Policies on the chopping block
In addition to reinstating SEPs, DOJ yesterday erased a litany of other Trump-era policy changes.
DOJ watchers said they hope the Biden administration's approach will bolster enforcement efforts against polluters, which fell to record lows during the Trump administration.
Clark has said that reports of low case numbers mistake "quantity for quality."
Biden's team at ENRD said it would do away with a document titled "Enforcement Principles and Priorities," which Clark released last month. The memo set a higher standard for judicial enforcement against polluters, limiting such actions to cases that involve "intentional, knowing, or willful wrongdoing."
Clark's effort was criticized as an attempt to stifle enforcement.
The Biden administration has received recommendations from climate experts and Obama allies to push DOJ lawyers to not only revive tools like SEPs, but to use them as a tool for stronger action on planet-warming emissions.
In a November memo led by Kate Konschnik, director of the climate and energy program at Duke University's Nicholas Institute for Environmental Policy Solutions and a former DOJ trial attorney, climate advocates urged training for department attorneys "to look for climate implications in traditional enforcement cases, which can enhance mitigation efforts even absent any climate-specific laws."
Joel Mintz, a Nova Southeastern University law professor, said that although he was happy to see SEPs return, he questioned whether the Biden administration would seek to expand use of the tool. SEPs need to be linked to the violation.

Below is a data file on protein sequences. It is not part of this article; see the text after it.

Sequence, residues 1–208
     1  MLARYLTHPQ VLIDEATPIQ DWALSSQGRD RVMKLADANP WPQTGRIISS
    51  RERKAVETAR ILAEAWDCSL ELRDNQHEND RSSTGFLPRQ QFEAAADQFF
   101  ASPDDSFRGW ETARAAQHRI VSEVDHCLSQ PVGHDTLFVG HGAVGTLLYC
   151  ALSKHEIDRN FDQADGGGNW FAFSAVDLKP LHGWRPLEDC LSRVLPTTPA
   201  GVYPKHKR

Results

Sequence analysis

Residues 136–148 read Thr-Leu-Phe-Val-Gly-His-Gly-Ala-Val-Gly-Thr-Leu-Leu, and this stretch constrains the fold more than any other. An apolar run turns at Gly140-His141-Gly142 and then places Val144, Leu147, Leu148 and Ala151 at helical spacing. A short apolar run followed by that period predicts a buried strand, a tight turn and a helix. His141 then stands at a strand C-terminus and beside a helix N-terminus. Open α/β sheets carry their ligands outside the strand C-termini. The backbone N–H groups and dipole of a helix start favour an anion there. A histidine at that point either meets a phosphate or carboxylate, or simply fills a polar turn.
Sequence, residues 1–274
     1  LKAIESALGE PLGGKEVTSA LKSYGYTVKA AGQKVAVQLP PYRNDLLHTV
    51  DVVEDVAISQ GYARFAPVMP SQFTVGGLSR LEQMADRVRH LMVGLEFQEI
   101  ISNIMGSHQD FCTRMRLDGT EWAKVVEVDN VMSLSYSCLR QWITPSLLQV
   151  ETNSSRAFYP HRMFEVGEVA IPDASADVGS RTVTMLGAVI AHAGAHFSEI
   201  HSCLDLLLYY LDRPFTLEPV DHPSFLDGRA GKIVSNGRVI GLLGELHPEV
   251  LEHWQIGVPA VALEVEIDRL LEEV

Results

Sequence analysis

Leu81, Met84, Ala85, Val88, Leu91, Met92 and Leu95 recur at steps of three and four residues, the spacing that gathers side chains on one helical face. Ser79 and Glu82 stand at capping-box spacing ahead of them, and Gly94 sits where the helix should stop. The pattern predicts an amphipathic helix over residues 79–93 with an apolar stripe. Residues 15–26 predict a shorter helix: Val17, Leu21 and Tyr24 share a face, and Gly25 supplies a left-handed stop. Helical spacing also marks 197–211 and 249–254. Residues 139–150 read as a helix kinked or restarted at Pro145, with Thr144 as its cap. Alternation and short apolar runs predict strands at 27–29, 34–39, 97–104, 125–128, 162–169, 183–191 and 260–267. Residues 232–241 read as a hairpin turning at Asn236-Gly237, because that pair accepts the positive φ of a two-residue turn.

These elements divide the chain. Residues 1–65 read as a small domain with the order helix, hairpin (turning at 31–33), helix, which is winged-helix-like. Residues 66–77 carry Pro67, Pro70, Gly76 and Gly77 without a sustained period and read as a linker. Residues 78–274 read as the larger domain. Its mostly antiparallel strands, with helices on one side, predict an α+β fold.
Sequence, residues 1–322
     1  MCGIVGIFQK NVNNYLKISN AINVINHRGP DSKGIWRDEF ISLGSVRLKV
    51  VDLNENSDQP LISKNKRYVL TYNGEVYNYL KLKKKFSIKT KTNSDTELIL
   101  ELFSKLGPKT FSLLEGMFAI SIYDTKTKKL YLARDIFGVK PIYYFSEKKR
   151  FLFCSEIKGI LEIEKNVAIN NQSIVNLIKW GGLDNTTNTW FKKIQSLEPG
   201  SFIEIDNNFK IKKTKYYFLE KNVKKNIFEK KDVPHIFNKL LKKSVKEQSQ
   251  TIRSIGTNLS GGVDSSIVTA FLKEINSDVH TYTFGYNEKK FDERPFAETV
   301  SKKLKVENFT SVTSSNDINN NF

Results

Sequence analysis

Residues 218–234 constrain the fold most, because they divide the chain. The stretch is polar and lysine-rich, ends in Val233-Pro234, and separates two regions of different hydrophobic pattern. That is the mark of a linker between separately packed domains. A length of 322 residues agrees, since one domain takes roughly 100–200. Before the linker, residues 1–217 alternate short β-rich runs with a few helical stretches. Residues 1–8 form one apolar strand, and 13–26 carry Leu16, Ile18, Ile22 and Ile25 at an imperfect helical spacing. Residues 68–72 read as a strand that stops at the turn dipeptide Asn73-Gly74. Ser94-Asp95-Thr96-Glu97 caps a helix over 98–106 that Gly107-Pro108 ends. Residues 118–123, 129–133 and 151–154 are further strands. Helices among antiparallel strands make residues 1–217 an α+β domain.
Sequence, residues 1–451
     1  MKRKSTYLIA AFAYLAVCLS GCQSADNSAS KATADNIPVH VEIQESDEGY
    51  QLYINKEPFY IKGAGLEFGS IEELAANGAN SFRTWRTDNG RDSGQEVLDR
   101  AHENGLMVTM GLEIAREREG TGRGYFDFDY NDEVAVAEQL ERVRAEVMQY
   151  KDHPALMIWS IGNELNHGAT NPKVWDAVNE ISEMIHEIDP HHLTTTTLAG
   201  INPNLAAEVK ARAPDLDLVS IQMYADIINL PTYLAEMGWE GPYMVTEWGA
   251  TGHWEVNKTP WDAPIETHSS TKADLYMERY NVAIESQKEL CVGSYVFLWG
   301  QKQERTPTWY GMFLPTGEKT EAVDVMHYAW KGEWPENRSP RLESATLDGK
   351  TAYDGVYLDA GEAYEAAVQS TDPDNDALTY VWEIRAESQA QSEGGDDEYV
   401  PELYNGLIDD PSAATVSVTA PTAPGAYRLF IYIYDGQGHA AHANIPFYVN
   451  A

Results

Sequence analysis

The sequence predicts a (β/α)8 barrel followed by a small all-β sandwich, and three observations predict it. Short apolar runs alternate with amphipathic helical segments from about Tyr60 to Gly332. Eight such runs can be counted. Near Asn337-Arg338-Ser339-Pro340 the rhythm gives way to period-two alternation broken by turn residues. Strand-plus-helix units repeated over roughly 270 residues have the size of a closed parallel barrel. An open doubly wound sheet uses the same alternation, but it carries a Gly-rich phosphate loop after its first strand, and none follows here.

For example, a company that polluted a water supply might be required to buy a watershed area to protect drinking water in the area where the violation occurred. Allowing that company to instead mitigate carbon dioxide emissions might be a little "far-fetched," Mintz said.
"There are those limits," he said. "Whether it will be changed, I don't know."
What's next for ENRD?
The Senate is expected to confirm Judge Merrick Garland as Biden's attorney general in the coming weeks.
But while DOJ watchers have speculated about the impact Garland, who has worked on a trove of environmental cases during his time on the U.S. Court of Appeals for the District of Columbia Circuit, could have on environmental issues at the department, the true indicator of the division's future will be whom the Biden administration picks to lead ENRD.
"We can expect that Biden is going to pick someone who subscribes to his views when it comes to focusing on the science and having policies that are based on that science, that accomplish his goals," said Jones of Sidley Austin. "You'll see an individual who has experience and a proven track record in these areas."
DOJ's changes so far have been encouraging, said John Cruden, principal at Beveridge & Diamond PC who worked at ENRD under Republican and Democratic administrations, eventually leading the division during the Obama years.
"This is a good start to a renewed era of advancing the environment through the rule of law," he said.